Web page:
Local OB/GYN explains COVID-19 concerns surrounding pregnancy

For Your Health

AMARILLO, Texas (KAMR/KCIT) — The Centers for Disease Control said it is too early to confirm whether or not pregnant women have a greater chance of catching the virus than the average person.

Dr. Teresa Baker at Texas Tech Physicians of Amarillo said that after looking at data from past flu-like viruses, there are important factors to consider.

“Women that are pregnant are immune-suppressed by definition. So they’re going to be somewhat at increased risk of infection including flu-like illness, like Coronavirus,” Baker explained.

For expecting moms who are concerned about in-office visits, Baker is ready to accommodate.

“Obviously prenatal care is important, so there are going to be some critical time periods that we need them to touch base with us to make sure the baby is safe, other visits could be virtual visits,” Baker added.

Since social distancing is one of the most important guidelines from the CDC, expecting mothers with upcoming due dates will have to adjust to a new norm.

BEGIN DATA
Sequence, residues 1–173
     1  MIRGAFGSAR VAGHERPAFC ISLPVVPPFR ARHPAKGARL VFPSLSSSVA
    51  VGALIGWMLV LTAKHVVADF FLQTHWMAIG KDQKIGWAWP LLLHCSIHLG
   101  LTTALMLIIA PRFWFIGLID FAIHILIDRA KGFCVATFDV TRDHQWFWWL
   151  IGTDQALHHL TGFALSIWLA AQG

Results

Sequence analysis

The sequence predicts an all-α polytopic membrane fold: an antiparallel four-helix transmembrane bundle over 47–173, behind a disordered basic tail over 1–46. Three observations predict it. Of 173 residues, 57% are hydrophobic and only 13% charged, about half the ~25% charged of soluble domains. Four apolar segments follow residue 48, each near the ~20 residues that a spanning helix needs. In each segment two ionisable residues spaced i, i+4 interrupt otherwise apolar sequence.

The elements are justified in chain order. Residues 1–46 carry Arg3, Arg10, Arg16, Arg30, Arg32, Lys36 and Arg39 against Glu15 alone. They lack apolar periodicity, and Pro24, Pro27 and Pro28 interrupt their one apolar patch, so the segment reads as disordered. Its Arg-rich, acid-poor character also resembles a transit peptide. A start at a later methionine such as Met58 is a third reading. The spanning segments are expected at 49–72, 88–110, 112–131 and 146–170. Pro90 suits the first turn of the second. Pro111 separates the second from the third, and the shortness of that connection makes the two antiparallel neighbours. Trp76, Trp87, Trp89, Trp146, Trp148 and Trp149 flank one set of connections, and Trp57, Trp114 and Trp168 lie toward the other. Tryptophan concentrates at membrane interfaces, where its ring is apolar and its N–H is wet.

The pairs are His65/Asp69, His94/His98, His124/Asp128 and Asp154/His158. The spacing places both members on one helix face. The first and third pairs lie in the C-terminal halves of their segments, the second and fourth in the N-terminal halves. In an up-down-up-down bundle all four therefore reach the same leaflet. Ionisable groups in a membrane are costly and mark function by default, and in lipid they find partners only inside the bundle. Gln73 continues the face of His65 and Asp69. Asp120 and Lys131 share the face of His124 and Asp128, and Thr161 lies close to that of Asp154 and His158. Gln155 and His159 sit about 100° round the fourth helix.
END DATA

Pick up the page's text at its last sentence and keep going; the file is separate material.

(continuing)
“So if she goes into labor that is a very stressful time,, a lot of anxiety. People want their loved ones close to them. They are allowing one visitor and that visitor cannot be interchangeable,” Baker said.

Even after leaving the hospital, Baker is encouraging new moms to find ways to virtually visit with friends and family.

“One of the biggest fears we all have is postpartum depression, and will you feel that isolation it can be pronounced. We all need to be real aware of that and make sure we stay in contact especially women who have had depression,” Baker added.

While the impact of Coronavirus can put more stress on pregnant women, Baker said her staff has stepped up to help out.

“Labor and delivery nurses are the most supportive people that you would ever meet ever in your life. So they have really stepped up and taken this and just wrapped their arms around those women and has been their support person,” said Baker.

The CDC also said there is still no confirmation whether or not a pregnant woman with COVID-19 can pass the virus to her baby during pregnancy or delivery.

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